So, if we shine some 1000's of lux of light onto a completely white surface, and expose the camera such that this turns into a perfectly white (without over-exposure) pixel on the screen, then applying this "photo of wood" as a texture map will yeild exactly the same result as the "oldschool" method. Basically, our camera exposure simply counter-acted the absolute luminance introduced by the light intensity.
So, in short, the "photo of wood" used interpreted as "reflectance" still works fine (well, no less "fine" than before).
What about us placing our "photo of house" as the background?
Well, now things start to change... we threw some thousands of lux onto the photo, creating a luminance likely in the thousands as well.... these values "in the thousands" was then converted to a range from black-to-white by the exposure.
So what happens with our "photo of house"? Nothing has told it to be anything than a 0-to-1 range thing. Basically, if interpreted strictly as luminance values, the exposure we are using (the one converting something in the thousands to white) will covert something in the range of 0-1 to.... pitch black. It won't even be enough to wiggle the lowest bit on your graphics card.
You will see nothing. Nada. Zip. BLACKNESS!
So, assuming you interpret oldschool "0-to-1" values directly as luminance, you will (for most common exposures) not see anything.
Now this is the default behaviour of the mr Photographic Exposure control!!
This setting (pictured above) from the mr Photographic Exposure will interpret any "oldschool" value directly as a cd/m^2 measurement. And will, with most useful exposures used for most scenes, result in the value "1" representing anything from complete blackness to near-imperceptible-near-blackness.
(I admit, I've considered many a time that making this mode the default was perhaps not the best choice)
So how do we fix it
Simple. There are two routes to take:
- Simply "know what you are doing" and take into account that you need to apply the "luminance" interpretation at certain points, and scale the values accordingly.
- Play with the "Physical Scale" setting
Both of these methods equate to roughly the same result, but the former is a bit more "controlled". I.e. for a "background photo" you will need to boost it's intensity to be in the range of the "thousands" that may be necessary to show up for your current exposure. In the Output rollout, turn up "RGB Level" very high.
Of course, in an ideal world you would have your background photo taken at a known exposure, or where you had measured the luminance of some known surface in the photo, and you would set the scaling accordingly. Or even better, your background image is already a HDR image calibrated directly in cd/m^2.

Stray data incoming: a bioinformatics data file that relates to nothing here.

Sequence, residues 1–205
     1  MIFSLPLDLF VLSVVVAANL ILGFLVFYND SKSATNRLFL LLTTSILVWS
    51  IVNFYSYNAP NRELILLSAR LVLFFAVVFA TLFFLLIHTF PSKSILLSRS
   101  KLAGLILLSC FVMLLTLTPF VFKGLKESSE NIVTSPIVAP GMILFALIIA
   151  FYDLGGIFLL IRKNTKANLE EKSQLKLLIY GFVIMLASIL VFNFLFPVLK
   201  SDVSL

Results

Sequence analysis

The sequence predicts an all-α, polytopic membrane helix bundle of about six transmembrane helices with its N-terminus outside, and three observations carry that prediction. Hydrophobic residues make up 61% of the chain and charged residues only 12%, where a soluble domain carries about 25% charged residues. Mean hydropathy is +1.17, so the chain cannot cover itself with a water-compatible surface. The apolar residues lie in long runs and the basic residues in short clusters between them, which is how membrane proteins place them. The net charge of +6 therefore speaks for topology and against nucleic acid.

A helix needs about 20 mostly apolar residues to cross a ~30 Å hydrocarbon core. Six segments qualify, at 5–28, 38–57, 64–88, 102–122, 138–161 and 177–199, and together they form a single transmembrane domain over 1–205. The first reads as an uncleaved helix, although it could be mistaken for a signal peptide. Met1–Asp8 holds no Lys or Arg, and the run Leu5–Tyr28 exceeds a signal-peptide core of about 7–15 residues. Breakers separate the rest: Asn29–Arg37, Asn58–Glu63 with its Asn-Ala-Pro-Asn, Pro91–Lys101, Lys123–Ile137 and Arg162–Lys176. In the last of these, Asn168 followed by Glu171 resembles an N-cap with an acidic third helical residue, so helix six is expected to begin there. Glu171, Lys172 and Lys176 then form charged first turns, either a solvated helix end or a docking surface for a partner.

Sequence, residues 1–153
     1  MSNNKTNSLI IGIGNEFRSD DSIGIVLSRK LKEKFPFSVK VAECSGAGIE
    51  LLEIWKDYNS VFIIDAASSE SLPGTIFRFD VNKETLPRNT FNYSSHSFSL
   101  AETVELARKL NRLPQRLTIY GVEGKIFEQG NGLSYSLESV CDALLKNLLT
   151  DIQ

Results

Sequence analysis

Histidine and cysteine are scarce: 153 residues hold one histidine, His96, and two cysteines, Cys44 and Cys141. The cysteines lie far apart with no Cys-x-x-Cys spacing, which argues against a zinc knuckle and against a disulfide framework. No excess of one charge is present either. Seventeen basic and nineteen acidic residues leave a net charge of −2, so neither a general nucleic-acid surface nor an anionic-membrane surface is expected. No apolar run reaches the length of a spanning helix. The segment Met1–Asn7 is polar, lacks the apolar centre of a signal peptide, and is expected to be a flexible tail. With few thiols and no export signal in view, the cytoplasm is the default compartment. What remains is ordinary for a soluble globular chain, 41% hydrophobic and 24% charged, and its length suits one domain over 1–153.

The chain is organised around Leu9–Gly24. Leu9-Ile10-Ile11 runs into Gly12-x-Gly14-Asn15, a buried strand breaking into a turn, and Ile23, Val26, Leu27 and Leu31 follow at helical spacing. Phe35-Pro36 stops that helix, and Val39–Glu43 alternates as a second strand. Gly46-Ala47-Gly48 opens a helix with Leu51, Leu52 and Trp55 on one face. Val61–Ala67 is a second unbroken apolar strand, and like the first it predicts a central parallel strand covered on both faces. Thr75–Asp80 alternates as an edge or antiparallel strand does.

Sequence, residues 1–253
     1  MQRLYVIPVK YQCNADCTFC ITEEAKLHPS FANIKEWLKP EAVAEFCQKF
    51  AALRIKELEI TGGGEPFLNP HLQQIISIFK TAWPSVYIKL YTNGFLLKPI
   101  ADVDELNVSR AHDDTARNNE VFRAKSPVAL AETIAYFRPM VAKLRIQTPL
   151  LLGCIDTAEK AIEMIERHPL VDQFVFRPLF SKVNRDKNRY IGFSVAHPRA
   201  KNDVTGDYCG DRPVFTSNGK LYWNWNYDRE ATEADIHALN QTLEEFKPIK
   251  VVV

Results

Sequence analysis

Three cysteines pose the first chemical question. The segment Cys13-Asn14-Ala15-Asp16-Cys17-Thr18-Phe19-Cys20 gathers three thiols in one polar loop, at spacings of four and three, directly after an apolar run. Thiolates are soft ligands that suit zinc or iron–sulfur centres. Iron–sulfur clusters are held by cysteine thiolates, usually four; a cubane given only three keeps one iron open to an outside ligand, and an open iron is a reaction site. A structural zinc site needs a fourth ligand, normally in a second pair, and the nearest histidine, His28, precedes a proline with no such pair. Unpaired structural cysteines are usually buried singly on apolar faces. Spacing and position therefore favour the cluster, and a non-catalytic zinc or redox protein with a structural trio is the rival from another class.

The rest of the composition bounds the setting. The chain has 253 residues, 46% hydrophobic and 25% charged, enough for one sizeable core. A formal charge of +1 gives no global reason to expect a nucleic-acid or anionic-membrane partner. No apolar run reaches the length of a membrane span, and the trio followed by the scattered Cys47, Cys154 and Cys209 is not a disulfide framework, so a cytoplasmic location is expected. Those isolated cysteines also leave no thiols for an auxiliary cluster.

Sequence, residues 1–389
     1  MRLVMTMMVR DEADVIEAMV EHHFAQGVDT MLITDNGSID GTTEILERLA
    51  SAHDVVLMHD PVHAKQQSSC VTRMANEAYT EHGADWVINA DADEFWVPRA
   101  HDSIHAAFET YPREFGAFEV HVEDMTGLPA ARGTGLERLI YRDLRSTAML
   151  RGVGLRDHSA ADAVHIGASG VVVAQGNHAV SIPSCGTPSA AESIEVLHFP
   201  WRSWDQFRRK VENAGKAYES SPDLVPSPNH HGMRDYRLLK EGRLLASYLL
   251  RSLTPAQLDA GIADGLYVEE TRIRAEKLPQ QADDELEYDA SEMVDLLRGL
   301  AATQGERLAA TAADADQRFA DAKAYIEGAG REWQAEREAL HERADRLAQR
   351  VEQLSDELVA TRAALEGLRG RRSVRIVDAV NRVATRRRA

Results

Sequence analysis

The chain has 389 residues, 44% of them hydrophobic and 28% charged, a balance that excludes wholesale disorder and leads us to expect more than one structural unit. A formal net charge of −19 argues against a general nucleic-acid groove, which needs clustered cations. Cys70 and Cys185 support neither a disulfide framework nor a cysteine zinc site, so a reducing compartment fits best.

But what of the other method?
Undersanding the 'Physical Scale' in 3ds Max
When you are using the mr Phogographic Exposure control, and you switch to the "Unitless" mode...
...one can say that this parameter now is a "scale factor" between any "oldschool" value and physical values. So you can think of it as if any non-photometric value (say, pixel values of a background image, or light intensities of non-photometric lights) were roughly multiplied by this value before being interpreted as physical values. (This, however, is a simplification; under the hood it actually does the opposite, it is the physical values that are scaled in relation to the "oldschool" values, but since the exposure control exactly "undoes" this in the opposite direction, the apparent practical result of this is that it seems to "scale" any oldschool-0-1 values)
When to use which mode
Which method to use is up to you. You may need to know a few things, though: The "cd/m^2" mode is a bit more controllable and exact. However, the "Unitless" mode is how the other Exposure controls, such as the Logarithmic, work by default. Hence, for a scene created with a logarithmic exposure, to get the same lighting balance between photometric things and "oldschool" things, you must use the unitless mode.
Furthermore, certain features of 3DS Max actually works incorrectly, indeed limiting their output to a "0-1" range. Notable here is many of the volumetric effects like fog. Hence, if the "cd/m^2 mode" is used, it blocks fog intensity to max out at "1 cd/m^2". This causes things like fog or volume light cones to appear black! That is bad.
Whereas in the "Unitless" mode, the value of "Physical Scale" basically defines how bright the "1.0" color "appears", and this gets around any limitation of the (unfortunately) clamping volume shaders.
BTW: I actually already covered this topic in an earlier post, but it seems that I needed to go into a bit more detail, since the question still arise quite often on various fora.
Hope this helps...